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Amazon Echo Input review: Adds Alexa to any speaker

Our Rating 
Price when reviewed 
35

The Echo Input is cheap and effective; perfect for reviving any old, non-smart speakers with a Bluetooth or 3.5mm analogue input

Pros 
Cheap
Easy to use
Works with Bluetooth and analogue speakers
Cons 
No optical output
Analogue audio quality is so so
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Amazon’s ubiquitous Echo smart speakers have been with us for a few years now, and every year that goes by the range seems to grow exponentially. Until now, though, it has been missing one key element: a connector, like the Chromecast Audio, that can be used to turn any dumb speaker into a modern smart, connected audio device. Enter the Amazon Echo Input, a device that aims to fill the vacuum that Google’s discontinued dongle leaves in the market.

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Amazon Echo Input: What you need to know

The Echo Input is a simple device and, if you have prior knowledge of Amazon’s Echo products, is pretty easy to summarise. It’s essentially the same as an Echo Dot, just without the speaker.

That’s the part you supply, by either connecting the Input to an existing speaker or music system via a 3.5mm analogue cable or via Bluetooth. There’s no optical output as with the Chromecast Audio, however, and note that Sonos speakers are not supported as yet.

After you’ve done this, the Input behaves exactly as every other Amazon Echo product does, allowing you to ask questions about the weather, sports results and trivia, control smart home devices, stream music and set timers, all with the power of your voice.

Amazon Echo Input review: Price and competition

As such, the Echo Input is now the cheapest way of getting in on the Alexa smart speaker scene. Its regular price is £35 (currently down to £20 due to a ridiculously good deal), which is £15 less than the £50 Echo Dot speaker.

There isn’t much in the way of direct competition at this price now that Google has stopped making the Chromecast Audio, but even if it had been still been on sale, the Echo Input wouldn’t be a direct rival anyway. Although the end result – making an existing speaker smart – is the same, the Echo Input adds microphone input for voice control. To achieve the same with the Chromecast Audio, you’d have to add a Home Mini into the mix as well.

Amazon Echo Input review: Design, features and performance

When I say that using the Echo Input is just like using any other Echo speaker, I’m not kidding. In fact, the device itself looks as if someone took a scalpel to an Echo Dot, removing the top panel and discarding the rest.

The layout is precisely the same, with activation and microphone buttons flanking a central status LED. The four microphones are arranged on the top surface in a square, forming a noise-cancelling, beamforming array which is able to pick out your voice from across a room, even above moderately loud music.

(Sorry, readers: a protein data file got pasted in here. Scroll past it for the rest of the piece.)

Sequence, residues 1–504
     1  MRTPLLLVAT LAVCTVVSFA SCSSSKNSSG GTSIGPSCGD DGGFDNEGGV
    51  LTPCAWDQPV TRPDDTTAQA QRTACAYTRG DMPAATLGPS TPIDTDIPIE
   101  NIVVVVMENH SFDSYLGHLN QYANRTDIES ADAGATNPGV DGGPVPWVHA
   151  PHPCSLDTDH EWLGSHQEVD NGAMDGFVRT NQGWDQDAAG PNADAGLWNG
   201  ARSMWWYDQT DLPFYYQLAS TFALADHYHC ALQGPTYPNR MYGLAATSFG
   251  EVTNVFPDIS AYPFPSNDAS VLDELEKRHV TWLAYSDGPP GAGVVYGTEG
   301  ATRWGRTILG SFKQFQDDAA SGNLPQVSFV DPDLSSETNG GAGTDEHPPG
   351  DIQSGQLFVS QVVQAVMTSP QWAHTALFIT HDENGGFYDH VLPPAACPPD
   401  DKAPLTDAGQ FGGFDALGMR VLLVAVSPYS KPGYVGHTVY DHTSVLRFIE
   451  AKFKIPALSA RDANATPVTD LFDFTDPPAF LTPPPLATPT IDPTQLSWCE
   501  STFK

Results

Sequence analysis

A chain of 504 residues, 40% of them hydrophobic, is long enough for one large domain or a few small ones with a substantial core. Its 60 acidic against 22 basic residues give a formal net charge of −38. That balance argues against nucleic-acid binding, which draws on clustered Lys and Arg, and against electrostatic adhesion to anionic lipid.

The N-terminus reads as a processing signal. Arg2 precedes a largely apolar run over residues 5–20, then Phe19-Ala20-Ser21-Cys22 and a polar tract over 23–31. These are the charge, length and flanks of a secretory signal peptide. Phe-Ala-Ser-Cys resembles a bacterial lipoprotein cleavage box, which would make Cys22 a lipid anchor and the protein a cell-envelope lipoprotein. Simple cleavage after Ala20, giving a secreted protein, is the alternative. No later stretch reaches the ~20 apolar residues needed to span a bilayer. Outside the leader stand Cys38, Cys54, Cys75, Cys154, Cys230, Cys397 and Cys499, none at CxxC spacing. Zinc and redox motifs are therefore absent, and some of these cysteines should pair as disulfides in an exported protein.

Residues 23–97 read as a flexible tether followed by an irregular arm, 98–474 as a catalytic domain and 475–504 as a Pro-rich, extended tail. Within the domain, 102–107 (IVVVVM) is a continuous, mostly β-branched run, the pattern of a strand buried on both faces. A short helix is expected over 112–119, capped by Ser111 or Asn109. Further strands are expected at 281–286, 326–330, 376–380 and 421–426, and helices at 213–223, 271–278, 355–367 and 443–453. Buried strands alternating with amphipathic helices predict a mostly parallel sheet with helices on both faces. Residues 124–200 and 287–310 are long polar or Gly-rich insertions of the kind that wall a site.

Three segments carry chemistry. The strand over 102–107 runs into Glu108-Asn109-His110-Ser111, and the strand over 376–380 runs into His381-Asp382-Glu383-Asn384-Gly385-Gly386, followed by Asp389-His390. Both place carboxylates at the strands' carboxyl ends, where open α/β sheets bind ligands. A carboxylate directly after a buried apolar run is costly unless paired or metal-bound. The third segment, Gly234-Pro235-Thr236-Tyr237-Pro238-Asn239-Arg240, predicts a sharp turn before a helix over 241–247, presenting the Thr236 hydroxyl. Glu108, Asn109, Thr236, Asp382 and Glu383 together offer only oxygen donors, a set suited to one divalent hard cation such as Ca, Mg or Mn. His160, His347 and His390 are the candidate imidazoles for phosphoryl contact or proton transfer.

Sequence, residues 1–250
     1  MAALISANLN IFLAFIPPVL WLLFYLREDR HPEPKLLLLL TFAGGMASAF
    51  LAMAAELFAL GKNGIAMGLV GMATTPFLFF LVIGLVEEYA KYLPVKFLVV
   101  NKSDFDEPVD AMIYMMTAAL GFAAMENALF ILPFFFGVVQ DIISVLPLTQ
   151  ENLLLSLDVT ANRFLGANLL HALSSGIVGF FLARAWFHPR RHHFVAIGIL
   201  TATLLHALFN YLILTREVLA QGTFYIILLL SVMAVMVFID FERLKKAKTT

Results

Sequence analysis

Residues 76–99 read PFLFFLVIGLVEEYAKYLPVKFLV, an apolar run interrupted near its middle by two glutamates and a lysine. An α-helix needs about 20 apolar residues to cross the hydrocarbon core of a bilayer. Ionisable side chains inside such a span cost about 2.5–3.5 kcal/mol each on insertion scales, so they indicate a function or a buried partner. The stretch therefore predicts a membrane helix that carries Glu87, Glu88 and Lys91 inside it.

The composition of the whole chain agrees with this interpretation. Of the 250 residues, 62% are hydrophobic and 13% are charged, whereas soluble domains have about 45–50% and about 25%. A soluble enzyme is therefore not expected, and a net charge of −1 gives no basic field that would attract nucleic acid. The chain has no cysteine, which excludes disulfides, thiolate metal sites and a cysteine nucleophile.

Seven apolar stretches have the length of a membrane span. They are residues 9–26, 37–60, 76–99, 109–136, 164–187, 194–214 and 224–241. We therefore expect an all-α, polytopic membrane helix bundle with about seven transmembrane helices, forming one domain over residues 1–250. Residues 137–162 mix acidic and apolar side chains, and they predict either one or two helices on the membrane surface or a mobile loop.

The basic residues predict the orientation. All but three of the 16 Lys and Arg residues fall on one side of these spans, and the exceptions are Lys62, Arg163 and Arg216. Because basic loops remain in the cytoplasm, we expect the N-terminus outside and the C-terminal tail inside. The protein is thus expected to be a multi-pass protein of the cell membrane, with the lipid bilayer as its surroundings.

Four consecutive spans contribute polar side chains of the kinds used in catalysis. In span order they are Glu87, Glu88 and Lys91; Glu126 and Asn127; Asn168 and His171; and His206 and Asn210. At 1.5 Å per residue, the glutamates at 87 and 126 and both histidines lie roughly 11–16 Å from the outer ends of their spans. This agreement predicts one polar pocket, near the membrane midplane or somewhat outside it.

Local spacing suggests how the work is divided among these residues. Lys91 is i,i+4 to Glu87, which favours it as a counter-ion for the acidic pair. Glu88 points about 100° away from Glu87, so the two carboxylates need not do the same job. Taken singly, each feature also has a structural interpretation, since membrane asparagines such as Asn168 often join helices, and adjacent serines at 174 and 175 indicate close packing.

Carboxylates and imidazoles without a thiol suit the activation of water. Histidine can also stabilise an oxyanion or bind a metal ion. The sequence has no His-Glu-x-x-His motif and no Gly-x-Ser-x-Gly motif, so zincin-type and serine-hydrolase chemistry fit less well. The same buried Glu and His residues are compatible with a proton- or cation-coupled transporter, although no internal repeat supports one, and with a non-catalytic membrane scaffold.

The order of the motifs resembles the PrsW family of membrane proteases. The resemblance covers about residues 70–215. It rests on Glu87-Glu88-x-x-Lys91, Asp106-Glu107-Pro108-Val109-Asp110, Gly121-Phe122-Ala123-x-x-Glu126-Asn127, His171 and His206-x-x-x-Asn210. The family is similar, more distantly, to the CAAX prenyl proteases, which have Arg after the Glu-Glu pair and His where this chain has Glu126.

On the edge is a 3.5mm audio output jack and a micro-USB port for power. As mentioned above, there’s no optical output, though, which is a disappointment for anyone hoping to use the Input as a source for a more exotic, high-end system. That’s one area where the Chromecast Audio was superior.

Setup is a breeze. Just as with an Echo Dot, you plug it in, wait for the central LED to turn orange and then use the Alexa App on your smartphone or tablet to add a new product, following the instructions onscreen to complete the installation.

And as for performance, that’s pretty good, too. I connected it directly to my active stereo studio monitor speakers, placing the Input on top of the right speaker and found the microphone array impressively sensitive. Even against a background of moderately loud music being played out of the speakers, it was able to pick up instructions and questions without having to raise my voice too loud or repeat myself.

Achieving Bluetooth connectivity to an existing Bluetooth speaker works nicely, too, and the Input will helpfully send you a notification via the smartphone app whenever it becomes disconnected from its partner device.

Sound quality is the one aspect of the Echo Input that I’m not so keen on. Admittedly, I’ve been comparing it to the iFi Nano and Chord Mojo, which are dedicated DACs that cost £200 and £400 respectively. But there’s such a marked difference in depth, clarity and instrument separation that I don’t think I’d ever be happy leaving it connected to my big speakers.

It’s better via Bluetooth where its own DAC and circuitry won’t have such a big effect. And this is where it’s best employed: reviving a high-quality, but dumb, Bluetooth speaker that may be gathering dust somewhere at home. For the price of a bottle of gin, you could turn it into an Amazon Echo 2 killer, coupling top sound quality with all the smarts of Amazon’s digital voice assistant. The one disappointment here is that there’s no support for the more advanced codecs such as AptX, AptX HD and LDAC.

Amazon Echo Input review: Verdict

In some ways, these concerns don’t really matter, though. The Echo Input has been designed as a cheap way of adding voice control to an existing speaker, nothing more, nothing less. You can’t expect it to act as a source in an expensive audio setup and it’s only because the Chromecast Audio had digital optical output that I’m even making the comparison in this review.

The fact remains that the Echo Input does its main job very well indeed and, for that reason, I’m going to give the Amazon Echo Input the big thumbs up. It’s only £35 and works pretty much perfectly, allowing you to give dumb Bluetooth and analogue speakers a timely smart boost. If you have an old speaker gathering dust that you just can’t bear to part with, go out and buy one.

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